The grantee is able to meet state requirements for staff/child ratios and teacher credential requirements by staffing each center with approximately two teachers (depending upon center enrollment), who work eight hours from 8:00 a.m. until 4:00 p.m., and two to five teacher's aides30 who work varying shifts of seven hours each.
To accomplish this, it meets requirements for a "Children's Center" for part of the day and a "licensed day care facility" for the remainder. In particular, California Department of Education teacher credential standards governing the GCC and SPS programs are even stricter than those of Head Start and the state licensing authority. Under GCC and SPS rules, teachers must possess California "Title 5" Children's Center permits, which require at least 12 units of postsecondary early childhood or child development education, as well as 6 months of work experience. (The Child Development Associate (CDA) credential is not acceptable by these standards.) The program follows these Title 5 requirements, which are actually stricter than those of Head Start, for most of the day. In the early morning and late afternoon, however, the program follows California "Title 22" regulations for licensed day care (rather than licensed children's centers).31 The program director believes Title 22 regulations meet Head Start Performance Standards, but technically, Title 22 teacher credentials may not meet the Head Start requirements for teachers that will become effective in September 1996.
Title 22 requires teacher/child ratios of 1:12, which exceeds Head Start standards. Title 5 requires teacher/child ratios of 1:24 and adult/child ratios of 1:8. The director says she in fact keeps teacher/child ratios under 1:20 during Title 5 hours at the centers, in order to conform with Head Start staff/child ratios.32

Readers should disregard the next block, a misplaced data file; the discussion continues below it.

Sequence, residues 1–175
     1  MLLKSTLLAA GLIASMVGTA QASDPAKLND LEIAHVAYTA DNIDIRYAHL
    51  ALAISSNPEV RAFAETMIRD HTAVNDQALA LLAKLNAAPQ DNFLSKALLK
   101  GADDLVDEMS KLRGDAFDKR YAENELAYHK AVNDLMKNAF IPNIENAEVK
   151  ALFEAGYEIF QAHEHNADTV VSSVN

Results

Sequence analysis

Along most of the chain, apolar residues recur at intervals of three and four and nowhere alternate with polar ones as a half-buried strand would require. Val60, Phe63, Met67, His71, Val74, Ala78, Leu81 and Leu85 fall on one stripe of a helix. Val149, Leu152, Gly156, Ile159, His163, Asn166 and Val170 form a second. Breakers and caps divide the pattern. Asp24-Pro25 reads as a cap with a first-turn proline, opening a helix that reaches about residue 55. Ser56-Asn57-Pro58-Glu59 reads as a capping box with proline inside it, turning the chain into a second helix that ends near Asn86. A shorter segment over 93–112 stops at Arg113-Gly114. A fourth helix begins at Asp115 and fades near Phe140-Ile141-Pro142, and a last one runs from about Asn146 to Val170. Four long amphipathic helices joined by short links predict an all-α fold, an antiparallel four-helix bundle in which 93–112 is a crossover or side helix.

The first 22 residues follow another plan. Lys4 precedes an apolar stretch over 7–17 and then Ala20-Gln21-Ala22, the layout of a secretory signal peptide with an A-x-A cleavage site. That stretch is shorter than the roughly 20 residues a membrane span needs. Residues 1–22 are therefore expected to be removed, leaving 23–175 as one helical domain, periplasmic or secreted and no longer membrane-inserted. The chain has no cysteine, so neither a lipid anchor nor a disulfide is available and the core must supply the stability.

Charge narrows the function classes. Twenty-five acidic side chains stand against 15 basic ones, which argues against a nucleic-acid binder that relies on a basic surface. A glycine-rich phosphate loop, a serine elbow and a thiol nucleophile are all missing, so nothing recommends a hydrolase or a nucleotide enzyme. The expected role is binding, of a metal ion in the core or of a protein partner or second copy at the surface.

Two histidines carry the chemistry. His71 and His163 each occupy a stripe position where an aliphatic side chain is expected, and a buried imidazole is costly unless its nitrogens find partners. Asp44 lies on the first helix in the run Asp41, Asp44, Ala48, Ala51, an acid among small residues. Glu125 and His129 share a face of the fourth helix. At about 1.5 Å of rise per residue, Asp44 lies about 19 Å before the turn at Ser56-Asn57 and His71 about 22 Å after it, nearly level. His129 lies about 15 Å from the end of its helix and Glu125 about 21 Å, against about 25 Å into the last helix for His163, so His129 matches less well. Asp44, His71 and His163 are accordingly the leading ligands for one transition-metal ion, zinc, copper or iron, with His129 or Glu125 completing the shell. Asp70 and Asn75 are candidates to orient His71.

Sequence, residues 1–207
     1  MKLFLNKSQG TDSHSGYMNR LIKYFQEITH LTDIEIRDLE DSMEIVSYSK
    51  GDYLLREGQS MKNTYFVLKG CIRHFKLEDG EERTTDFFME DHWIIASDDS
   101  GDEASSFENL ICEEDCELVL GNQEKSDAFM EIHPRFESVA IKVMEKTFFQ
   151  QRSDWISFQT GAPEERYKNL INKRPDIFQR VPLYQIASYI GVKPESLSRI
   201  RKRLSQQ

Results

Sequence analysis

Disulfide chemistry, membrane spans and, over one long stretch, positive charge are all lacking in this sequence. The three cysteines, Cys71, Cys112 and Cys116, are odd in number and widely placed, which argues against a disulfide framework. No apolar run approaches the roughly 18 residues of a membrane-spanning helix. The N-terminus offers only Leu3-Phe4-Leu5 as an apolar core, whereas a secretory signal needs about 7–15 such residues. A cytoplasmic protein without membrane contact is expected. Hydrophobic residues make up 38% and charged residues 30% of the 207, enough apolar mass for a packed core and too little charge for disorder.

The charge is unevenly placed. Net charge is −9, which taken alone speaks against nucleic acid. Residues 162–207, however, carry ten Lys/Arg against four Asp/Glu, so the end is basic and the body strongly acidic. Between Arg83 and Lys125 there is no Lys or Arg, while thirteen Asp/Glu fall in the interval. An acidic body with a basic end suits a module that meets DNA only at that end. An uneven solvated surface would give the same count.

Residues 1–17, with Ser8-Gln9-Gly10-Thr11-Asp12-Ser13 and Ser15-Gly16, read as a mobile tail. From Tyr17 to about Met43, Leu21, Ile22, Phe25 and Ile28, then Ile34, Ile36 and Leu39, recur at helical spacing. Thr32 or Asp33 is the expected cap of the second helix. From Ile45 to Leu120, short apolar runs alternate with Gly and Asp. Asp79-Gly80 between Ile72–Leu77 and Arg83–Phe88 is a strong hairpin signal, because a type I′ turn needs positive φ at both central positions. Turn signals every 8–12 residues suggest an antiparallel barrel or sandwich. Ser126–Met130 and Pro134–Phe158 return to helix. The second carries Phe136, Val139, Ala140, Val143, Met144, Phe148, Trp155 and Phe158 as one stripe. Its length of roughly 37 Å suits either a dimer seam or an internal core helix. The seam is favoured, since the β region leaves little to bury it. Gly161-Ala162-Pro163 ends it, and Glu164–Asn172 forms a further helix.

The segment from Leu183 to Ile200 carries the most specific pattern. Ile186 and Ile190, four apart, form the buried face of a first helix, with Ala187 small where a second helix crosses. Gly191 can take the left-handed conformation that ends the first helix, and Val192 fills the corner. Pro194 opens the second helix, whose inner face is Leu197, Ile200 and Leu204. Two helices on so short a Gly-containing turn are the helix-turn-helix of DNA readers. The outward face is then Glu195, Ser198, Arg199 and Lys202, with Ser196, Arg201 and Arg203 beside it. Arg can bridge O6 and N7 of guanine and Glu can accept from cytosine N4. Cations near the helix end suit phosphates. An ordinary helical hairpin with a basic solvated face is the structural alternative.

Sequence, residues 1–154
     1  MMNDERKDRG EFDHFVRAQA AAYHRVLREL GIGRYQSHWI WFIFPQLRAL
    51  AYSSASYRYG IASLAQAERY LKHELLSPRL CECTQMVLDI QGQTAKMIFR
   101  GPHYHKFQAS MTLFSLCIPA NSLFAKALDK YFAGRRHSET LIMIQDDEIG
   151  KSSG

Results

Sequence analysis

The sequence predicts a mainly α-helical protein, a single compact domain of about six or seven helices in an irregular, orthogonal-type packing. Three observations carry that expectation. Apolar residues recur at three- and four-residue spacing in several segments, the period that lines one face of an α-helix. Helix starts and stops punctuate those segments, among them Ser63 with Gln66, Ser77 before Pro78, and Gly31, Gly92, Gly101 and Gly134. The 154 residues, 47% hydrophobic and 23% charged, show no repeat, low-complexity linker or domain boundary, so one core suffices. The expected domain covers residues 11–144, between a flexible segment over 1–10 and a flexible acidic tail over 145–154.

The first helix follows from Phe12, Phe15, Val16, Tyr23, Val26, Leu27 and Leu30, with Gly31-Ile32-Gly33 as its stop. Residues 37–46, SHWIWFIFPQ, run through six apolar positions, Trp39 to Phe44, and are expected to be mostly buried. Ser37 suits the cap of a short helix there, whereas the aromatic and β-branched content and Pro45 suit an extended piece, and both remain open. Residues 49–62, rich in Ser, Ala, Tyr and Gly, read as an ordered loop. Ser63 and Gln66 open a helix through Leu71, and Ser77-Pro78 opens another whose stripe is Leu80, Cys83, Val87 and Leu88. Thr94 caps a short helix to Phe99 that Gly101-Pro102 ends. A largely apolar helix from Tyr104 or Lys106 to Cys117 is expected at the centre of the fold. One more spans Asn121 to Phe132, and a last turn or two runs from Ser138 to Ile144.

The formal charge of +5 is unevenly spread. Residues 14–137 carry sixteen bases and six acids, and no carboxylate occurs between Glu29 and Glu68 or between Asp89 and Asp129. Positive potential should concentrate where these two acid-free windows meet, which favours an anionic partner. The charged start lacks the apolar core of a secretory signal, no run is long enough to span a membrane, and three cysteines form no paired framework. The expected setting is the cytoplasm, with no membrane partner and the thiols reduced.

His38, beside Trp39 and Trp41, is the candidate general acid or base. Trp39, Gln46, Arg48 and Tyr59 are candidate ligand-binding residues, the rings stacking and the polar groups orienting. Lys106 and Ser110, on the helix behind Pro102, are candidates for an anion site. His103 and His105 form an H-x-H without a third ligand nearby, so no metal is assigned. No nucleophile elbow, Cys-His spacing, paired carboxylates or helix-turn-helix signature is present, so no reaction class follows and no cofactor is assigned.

The program's greatest staffing challenge is that permitted teachers are in short supply in the county, since the program must compete with school district child care programs that pay higher salaries. The director was pleased, however, that new Head Start quality funding is beginning to allow her to pay more competitive salaries.
In addition, full-day care makes it difficult to release staff for planning time, home visits, and training. Teachers usually complete their planning while children are napping. Home visits also are conducted during nap time, when center supervisors are available to fill in, (or at night, for working parents). Compensatory time is often provided to staff during the day, if they perform home visits at night.